‘Big crowds showed up because they expected fireworks’
There was something about the sky blue jersey of Dublin that inspired Mattie McCabe. At least that's what all the evidence suggests because the Seneschalstown man developed the knack of scoring goals against Meath's great rivals that was noteworthy to say the least, notching up a unique record few have managed to equal.
He scored three goals in three successive Leinster SFC finals against the Auld Enemy- 1987, '88 and '89 silencing the serried ranks of the Dublin supporters with crisp and clinical finishing past famed goalkeeper John O'Leary. Those goals helped Meath win two of those three finals; '87 and '88 while in '89 the Metropolitans prevailed.
As affable, self-effacing and quietly-spoken a man you are likely to meet in a jaunt around the GAA grounds of Meath, McCabe speaks of those years like they were truly a golden era; when life was full of sparkle and promise, when he and his colleagues regularly performed before a packed Croke Park in Leinster and All-Ireland finals; when the old stadium rocked with noise and tension.
"The buzz would start around March and April because it was around then you really started to prepare for the championship and more often than not we would have to face Dublin somewhere along the line," McCabe recalls.#
"The three goals I got against them were special to me, still are, it was wonderful to get them, but it was always a team effort. I wouldn't have got them unless the the chances were created for me."
McCabe relished the prospect of facing the Dubs. He knew what to expect when the old rivals clashed. The games were rarely short of controversy or Hollywood moments. High drama. There was a kind of code attached to the Dublin matches too. A kind of chivalry code of honour. Unwritten, unstated but there nonetheless. That code dictated that when the action started you gave it everything, no matter what side you were on. Everything. Then when the final whistle sounded you shook your rivals' hands and wished them luck. Win, lose or draw.
"There was no half-measures, all the games were hard-hitting. Big crowds showed up because they expected fireworks and they often got that, not fisticuffs, that rarely happened, but you got the hits and gave them and everything was left on the field. It's was certainly hell for leather. People would say I wouldn't get involved but I did get involved, I wouldn't shy away. There were a few thumps thrown from time to time but they were forgotten about at the final whistle."
Mattie McCabe, who works in Tara Mines, was part of Meath's set-up from even before Sean Boylan took the reigns in 1982. He knew all about the bad times, the barren years. Then things started to change under Boylan. McCabe won O'Byrne Cup and Centenary Cup medals but he was missing when Meath made the really big breakthrough and defeated Dublin in 1986 to win their first Leinster title in 20 years. McCabe watched the game from the stands.
He had, he admits, focused more on socialising that year than football, and was left off the panel. He came back the next season and played his part in helping Meath defeat Dublin (1-13 to 0-12) in another Leinster final before the Royals pushed on to win the Sam Maguire. He was there again in '88 once more finding the net to help sink the Dubs, 2-5 to 0-9. He found the net in the '89 Leinster showdown too, but on that occasion Dublin prevailed, 2-12 to 1-10.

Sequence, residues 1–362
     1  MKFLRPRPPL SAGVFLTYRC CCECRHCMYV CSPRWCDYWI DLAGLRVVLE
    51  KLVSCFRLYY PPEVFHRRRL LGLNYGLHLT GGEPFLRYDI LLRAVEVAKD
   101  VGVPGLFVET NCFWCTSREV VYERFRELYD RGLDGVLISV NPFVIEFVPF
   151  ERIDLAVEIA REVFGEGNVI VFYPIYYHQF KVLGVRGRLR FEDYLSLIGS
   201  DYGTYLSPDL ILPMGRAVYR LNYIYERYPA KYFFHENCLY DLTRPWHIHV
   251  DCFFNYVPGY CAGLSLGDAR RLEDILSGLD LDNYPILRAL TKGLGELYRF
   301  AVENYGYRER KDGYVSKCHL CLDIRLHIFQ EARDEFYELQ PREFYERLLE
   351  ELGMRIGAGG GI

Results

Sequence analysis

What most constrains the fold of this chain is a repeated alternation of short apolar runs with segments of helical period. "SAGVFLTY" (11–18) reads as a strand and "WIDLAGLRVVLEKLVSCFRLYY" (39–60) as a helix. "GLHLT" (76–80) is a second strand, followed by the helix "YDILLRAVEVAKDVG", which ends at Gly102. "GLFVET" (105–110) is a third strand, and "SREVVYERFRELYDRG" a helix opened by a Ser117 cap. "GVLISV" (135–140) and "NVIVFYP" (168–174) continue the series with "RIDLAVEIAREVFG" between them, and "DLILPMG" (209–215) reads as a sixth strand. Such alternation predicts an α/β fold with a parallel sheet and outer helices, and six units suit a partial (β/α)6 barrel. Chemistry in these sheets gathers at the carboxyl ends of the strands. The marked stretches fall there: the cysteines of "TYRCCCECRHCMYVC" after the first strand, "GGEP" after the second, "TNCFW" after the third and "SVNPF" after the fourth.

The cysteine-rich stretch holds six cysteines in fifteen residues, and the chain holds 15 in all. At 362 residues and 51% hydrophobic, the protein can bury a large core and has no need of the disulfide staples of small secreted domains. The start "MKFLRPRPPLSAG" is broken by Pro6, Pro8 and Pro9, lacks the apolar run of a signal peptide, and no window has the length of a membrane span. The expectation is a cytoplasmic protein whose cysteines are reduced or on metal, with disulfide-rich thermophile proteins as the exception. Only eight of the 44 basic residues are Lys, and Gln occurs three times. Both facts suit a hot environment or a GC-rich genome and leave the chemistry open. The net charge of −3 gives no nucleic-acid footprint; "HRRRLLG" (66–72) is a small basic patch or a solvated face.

Then, of course, there was 1991, the four-game series and the scintillating closing stanzas of the saga when Meath bounced back from what seemed like certain defeat to win helped along by one of the most famous goals in GAA history.
Mattie McCabe was one of the players involved in processing the ball from Meath's own end-line to the point where Kevin Foley slammed the ball from close range to the Dublin net at the other end.
Not only was McCabe involved in transferring the ball from one end of the field to the other he contributed in another very significant way.
"During that move Foley and myself had a little chat. If you look at the video you will see, for a split second, the two of us having a chat in the middle of the field. I told Kevin to push on because they will be watching for me, expecting me to be in the forwards. ‘They won't expect you,' I said to Kevin and of course he went on to score the goal.
"Foley came over to me in the dressing room afterwards, no-one else did. Everyone was congratulating him. He came over and hugged me and he said: 'Mattie I knew what you were doing I'll always remember what you told me to do.’ Kevin wrote himself into the history books with that goal and rightfully so."
During the 1980s and early '90s Meath, says McCabe, didn't focus much on tactics but what the team had were leaders who knew what it took to win games and what to do when events weren't going their way.
Looking to the present team McCabe is not as pessimistic about their prospects this Sunday as some might expect. Every team, he asserts, no matter how well stacked with talent, is beatable on any given day. He points to how last year after a poor opening half in the Leinster SFC Meath really upped their game and ran their rivals close.
"Last year people say Dublin took their foot off the pedal. I don't think they did. Meath just got stuck in, they pressed them more, they didn't give them any time on the ball. A lot will depend on how Meath feel themselves, do they believe they can win? In big games in Croke Park against Dublin you just never know what might happen."
Meath will almost certainly need to score a few goals on Sunday if they hope to win. Goals are not easily mined against this Dublin defence - although Mattie McCabe had the knack of finding a chink in the blue armour and making the net dance. The records are there to prove it.